As designers, we spend most of our time solving problems for our users by building products. How can we save a user time on a task? How can we make an experience more delightful? What do we need to build to help a user accomplish their goal?
However, sometimes we can create more value by strategically removing a feature that no longer serves our users. Sunsetting a project that didn’t work out as planned should ultimately be considered a normal part of a healthy product development process.
There are many reasons to kill a feature or product, but they generally tend to fall into one of two categories.
The Lost Bet
You see this situation most often. Major assumptions you had going into a project were not validated. Maybe there was data you couldn’t collect until you had something live. Maybe you completely overlooked an assumption you were making, and no number of iterations were going to dig you out. Either way, take a good look at what you were trying to achieve and whether or not what you shipped met that goal.
This can be trickier. The product or feature actually worked out, but wasn’t well aligned with your core vision. This case can be a tough prioritization call, as you are likely choosing to let go of something that has had some level of success. But this is why you have a product vision — to help guide you in these moments and act as a North Star.
The bright side of sunsetting
At Automattic, we’re building products at scale for millions of users. It’s a complex and varied user base, where it’s easy for countless features to creep in while trying to meet the needs of so many different people. Everything we build should be paying rent — if not directly in revenue, then in clear user and business value.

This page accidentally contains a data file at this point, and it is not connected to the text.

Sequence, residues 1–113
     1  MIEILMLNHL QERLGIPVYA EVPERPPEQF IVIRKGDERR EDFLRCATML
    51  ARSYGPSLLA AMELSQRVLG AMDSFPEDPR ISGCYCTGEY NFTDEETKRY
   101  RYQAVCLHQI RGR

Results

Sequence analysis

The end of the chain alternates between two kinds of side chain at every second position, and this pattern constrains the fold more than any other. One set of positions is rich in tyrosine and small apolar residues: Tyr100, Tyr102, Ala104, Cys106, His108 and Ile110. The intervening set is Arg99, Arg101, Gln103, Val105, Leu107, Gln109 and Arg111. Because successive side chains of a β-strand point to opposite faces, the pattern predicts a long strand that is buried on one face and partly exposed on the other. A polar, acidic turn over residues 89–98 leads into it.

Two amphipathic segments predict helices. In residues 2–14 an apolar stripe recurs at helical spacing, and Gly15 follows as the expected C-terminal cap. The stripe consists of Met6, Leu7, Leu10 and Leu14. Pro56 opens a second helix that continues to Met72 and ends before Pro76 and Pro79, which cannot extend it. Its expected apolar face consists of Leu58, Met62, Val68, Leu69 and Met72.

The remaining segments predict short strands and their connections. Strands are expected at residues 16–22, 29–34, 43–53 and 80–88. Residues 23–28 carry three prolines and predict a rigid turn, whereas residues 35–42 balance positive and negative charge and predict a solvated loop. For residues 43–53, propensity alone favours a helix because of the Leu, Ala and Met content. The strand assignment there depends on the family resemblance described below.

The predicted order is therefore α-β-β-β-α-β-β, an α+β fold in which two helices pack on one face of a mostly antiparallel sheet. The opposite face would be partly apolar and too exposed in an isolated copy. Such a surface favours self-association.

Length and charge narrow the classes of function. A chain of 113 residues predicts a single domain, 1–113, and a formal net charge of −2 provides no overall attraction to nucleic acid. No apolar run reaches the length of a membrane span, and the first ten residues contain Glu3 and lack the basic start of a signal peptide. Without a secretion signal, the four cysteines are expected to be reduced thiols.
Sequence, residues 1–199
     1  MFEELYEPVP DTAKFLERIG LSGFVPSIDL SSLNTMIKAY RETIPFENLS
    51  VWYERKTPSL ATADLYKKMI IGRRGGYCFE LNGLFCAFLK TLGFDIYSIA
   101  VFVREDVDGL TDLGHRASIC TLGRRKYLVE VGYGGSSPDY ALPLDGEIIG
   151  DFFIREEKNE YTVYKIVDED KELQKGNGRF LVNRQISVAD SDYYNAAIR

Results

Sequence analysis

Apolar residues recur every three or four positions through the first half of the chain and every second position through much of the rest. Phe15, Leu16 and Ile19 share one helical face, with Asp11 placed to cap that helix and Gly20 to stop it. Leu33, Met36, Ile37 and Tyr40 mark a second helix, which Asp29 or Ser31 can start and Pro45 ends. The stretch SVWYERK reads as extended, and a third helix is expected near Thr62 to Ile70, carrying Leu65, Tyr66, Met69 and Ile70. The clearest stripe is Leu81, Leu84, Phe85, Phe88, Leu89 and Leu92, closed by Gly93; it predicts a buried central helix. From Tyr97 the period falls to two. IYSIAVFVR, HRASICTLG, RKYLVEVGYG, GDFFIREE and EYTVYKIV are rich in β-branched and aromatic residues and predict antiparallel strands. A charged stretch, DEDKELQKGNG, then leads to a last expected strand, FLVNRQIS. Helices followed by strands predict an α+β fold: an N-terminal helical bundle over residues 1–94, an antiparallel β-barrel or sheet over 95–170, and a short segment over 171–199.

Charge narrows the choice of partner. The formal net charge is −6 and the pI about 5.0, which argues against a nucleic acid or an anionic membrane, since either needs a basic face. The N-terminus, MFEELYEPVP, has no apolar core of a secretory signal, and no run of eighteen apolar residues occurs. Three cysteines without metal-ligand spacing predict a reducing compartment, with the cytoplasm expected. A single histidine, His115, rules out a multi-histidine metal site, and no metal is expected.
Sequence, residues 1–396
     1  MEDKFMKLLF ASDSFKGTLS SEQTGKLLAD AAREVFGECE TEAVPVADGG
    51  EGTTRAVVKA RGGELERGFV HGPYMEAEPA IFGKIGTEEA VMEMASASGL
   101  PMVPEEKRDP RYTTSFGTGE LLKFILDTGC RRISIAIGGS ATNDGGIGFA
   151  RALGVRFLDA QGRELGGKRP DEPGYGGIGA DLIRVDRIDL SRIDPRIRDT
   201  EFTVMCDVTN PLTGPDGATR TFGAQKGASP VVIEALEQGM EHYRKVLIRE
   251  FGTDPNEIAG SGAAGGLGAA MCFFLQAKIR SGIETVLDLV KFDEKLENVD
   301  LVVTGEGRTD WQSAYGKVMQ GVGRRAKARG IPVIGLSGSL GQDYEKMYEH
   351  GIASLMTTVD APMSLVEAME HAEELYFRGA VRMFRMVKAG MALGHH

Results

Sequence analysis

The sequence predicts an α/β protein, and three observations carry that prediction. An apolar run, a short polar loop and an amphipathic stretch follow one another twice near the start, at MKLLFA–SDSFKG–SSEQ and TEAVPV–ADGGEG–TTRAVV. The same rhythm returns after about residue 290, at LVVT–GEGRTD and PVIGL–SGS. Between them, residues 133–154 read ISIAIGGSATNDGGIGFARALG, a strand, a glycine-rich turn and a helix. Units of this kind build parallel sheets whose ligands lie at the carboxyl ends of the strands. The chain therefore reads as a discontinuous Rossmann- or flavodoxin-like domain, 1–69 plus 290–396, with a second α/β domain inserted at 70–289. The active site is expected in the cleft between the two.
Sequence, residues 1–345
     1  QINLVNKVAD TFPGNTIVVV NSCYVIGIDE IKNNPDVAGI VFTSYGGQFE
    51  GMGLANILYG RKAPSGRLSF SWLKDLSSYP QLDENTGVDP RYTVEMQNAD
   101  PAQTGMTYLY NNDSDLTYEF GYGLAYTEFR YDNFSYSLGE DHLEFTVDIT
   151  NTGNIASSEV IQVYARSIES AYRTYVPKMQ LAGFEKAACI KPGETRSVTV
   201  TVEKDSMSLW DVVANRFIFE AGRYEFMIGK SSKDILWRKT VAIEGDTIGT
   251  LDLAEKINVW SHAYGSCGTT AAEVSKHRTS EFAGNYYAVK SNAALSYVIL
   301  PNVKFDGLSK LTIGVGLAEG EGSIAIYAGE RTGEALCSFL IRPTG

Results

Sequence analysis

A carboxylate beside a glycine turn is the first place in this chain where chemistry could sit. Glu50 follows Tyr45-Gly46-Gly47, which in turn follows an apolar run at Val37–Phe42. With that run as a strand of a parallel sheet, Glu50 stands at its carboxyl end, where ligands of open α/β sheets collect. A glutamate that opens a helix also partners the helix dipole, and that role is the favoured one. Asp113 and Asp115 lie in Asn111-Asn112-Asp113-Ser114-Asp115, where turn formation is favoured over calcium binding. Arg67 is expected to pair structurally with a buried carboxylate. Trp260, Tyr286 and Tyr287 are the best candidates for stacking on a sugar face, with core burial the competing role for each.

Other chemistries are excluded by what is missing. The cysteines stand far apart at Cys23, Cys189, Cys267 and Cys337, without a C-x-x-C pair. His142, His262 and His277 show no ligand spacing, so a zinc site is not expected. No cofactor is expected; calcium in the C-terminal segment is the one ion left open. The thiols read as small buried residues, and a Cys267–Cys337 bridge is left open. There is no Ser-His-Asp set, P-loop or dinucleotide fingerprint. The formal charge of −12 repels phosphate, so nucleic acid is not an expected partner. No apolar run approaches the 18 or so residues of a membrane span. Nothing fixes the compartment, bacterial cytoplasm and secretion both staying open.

In the end, a healthy practice of sunsetting goes beyond the impact on your products. It’s really a promise to both your users and your team members that you will focus on more important things. This mindset can have a huge impact on your company culture.
In particular, it will help keep you away from the investment trap — i.e. being too attached to your own ideas simply because of the time and resources you’ve already invested in them. This gives your team the freedom to focus on learning and outcomes so you can deliver more value in the future.
The case of get.blog
Last year, my team designed and built get.blog from scratch. Our goal with this project was simple but challenging: Make domains easy.
Historically, domain management features have not been designed with people in mind. If you’ve ever had to mess with “DNS” settings or “EPP” codes, you know how complicated things can get. We wanted to change that.
While we did succeed in drastically simplifying the domain experience, we later determined that the product no longer made strategic sense. While this was a particularly tough decision, we’re refocusing efforts on making domains on WordPress.com better, using what we learned on this project to impact millions of users on our primary platform.
Deciding to sunset products or features can be difficult. It often means letting go of something you worked hard on and may feel strongly about, as we did with get.blog. But in the end, sunsetting helps teams put their energy and resources towards the right things. Refocusing on learning and results rather than output will make your team stronger and help you deliver more value to the users you serve.